Operation Dragoon: The Forgotten D-Day


On August 6, 2011, a select entourage of the “Greatest Generation” will gather at the Memorial Amphitheatre at Arlington National Cemetery. American, British, Canadian, Free French, and French Resistance comrades will stand side by side to reflect on the 67th anniversary of Operation Dragoon, the Allied landings on southern France on August 15, 1944. American soldiers like Gene Frice who parachuted behind enemy lines with the 517th Parachute Combat Regimental Team and Congressional Medal of Honor recipient, Robert Maxwell, who made the amphibious assault on the beaches with the famed 3th Infantry Division. Nearby, is the gravesite of 1LT Audie L. Murphy, America’s most decorated soldier, who was awarded the Distinguished Service Cross for his heroism during the Operation Dragoon campaign.

As in past year’s gatherings, the French government will pay homage to those living veterans who freed them from Nazi Occupation. Receiving the French Legion of Honor Medal will be Lieutenant  General (Ret) Richard Seitz (517th ABN), John Keller, 3rd I.D., John Carter, 1st Allied Airborne Task Force, and Roy Brumfield, 3rd I.D.
The Conception and Churchill’s Resistance

Operation Dragoon was conceived almost simultaneously with Operation Overlord, the June 6. 1944 Normandy Invasion but, was shelved until the allies were assured of Overlord’s success. From the onset, Winston Churchill was vehemently opposed to the campaign. Churchill favored increased prosecution of the Italian campaign and securing the Balkan oil producing regions. Denial of these regions to the Germans and to the Red Army reinforced Churchill’s distain and mistrust of the Soviets and saw this as an advantageous negotiating tool in a post-war Europe.

Overruled by the Allied Command Chiefs of Staff, Churchill begrudgingly acquiesced. The key to the campaign’s absolute success was securing the much needed ports of Toulon and Marseilles. The Allies having a northern and southern supply line in France would trap the Germans in a pincer movement and drive them back into the Rhineland.

The Commanders

Overall command was given to Lt. Gen. Jacob Devers of the U.S. 6th Army Group. Under Devers, the U.S. 7th Army, commanded by Gen. Alexander “Sandy” Patch, was comprised of the 3rd, 36th, 45th Infantry Divisions and the 1st Allied Airborne Task Force lead by Generals Lucien Truscott and Jean de Lattre de Tassigny.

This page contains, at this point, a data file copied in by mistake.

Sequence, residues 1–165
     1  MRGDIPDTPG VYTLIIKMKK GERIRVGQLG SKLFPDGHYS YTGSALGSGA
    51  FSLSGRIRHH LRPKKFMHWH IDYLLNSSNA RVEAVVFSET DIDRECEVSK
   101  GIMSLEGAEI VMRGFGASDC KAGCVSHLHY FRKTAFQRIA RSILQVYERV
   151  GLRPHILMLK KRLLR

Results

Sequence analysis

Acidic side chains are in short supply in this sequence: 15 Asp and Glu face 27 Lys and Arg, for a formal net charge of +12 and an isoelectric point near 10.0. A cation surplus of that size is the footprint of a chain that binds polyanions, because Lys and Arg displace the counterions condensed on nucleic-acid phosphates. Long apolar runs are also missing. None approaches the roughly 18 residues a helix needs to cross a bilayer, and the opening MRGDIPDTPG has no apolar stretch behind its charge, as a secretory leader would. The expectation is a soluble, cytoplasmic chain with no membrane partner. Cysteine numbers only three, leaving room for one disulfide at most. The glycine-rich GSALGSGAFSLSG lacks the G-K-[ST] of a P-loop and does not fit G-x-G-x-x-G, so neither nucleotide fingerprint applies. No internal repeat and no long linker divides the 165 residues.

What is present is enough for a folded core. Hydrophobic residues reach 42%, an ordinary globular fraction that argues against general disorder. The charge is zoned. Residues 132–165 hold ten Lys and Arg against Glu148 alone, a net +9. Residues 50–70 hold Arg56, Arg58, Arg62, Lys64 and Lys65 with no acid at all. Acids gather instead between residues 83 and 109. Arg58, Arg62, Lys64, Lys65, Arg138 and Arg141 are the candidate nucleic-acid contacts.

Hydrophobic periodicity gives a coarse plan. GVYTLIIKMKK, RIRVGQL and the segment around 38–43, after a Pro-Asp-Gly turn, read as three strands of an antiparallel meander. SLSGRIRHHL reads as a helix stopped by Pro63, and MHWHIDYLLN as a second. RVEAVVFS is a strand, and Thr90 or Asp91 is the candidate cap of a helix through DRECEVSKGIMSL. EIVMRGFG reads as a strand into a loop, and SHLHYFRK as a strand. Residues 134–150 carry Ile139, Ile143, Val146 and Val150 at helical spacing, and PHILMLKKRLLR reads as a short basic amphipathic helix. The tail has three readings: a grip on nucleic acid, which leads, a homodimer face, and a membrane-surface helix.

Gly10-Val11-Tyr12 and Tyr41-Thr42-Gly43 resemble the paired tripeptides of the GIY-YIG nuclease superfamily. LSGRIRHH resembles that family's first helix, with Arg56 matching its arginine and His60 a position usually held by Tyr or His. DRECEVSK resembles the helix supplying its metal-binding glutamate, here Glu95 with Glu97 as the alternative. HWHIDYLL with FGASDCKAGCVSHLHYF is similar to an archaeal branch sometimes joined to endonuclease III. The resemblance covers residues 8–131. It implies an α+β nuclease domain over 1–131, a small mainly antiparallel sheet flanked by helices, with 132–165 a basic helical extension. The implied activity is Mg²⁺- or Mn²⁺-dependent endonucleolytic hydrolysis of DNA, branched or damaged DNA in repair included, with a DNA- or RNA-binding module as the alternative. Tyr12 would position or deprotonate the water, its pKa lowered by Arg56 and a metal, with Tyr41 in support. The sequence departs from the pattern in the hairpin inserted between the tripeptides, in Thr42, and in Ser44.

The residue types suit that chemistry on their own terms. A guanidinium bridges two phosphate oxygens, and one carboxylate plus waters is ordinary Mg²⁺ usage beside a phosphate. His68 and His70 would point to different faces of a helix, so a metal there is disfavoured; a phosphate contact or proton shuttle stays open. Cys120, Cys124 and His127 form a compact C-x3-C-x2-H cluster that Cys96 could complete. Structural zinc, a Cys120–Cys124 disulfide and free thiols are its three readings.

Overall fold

Opposing the Allies was General Johannes Blaskowitz, commander of German Army Group G that included the 11 under-strength divisions consisting of aging and wounded veterans as well as Volksdeutsche from Poland and Czechoslovakia. The only battle hardened unit was the 11th Panzer Division who fought the Red Army at the greatest tank battle in history near Kursk, Russia. German intelligence was aware of a pending invasion, but the exact area was tactical guesswork. They concluded that the Allied battle plan would consist of airborne and glider operations further up in the Rhone River possibly near Avignon. Their conclusion left them defensively weak along the coastline.

Attack at Dawn

At 03:30 hours on the morning of August 15, 1944, elements of the 1st Allied Airborne Task Force began their drop. Though missing their drop zones, most units regrouped by 0800 hours in time for amphibious assault. The Order of Battle included B-24 airstrikes and naval gunfire from Naval Task Force 88’s five battleships, 20 cruisers, and 98 destroyers.

One of the assault patrol craft was commanded by famed movie star Douglas Fairbanks, Jr. The Allies landed on three beaches designated Alpha, Delta, and Camel from Cavalaire-du-Mer to Saint-Raphaël, stretching nearly 45 miles from end to end. Blinded by cut communication lines, courtesy of the French Resistance, Blaskowitz and his Army Group G were caught by total surprise. His only recourse was to form an organized retreat leaving the German 189th Infantry Division to act as a rear guard. Over the next 10 days, the Allies would keep the Germans on their heels, driving them north to Montélimar. French units immediately pursued the outnumbered Germans towards the ports of Toulon and Marseille ultimately capturing them simultaneously on Aug. 27, 1944.
The Aftermath

By September 10, units of Operation Dragoon linked up with Patton’s Third Army while the remainder of Army Group G escaped through the Vosges Mountains leaving 130,000 of their own surrounded by the Allies. Operation Dragoon was a tactical and strategic success. In four weeks, the Allied pincer movement was established and a southern supply route opened. Save the  Ardennes Offensive in December 1944, the Germans were unceasingly driven back into the Rhineland. Thus, with Operation Dragoon, the fall of the Third Reich began in earnest.


Patch Stone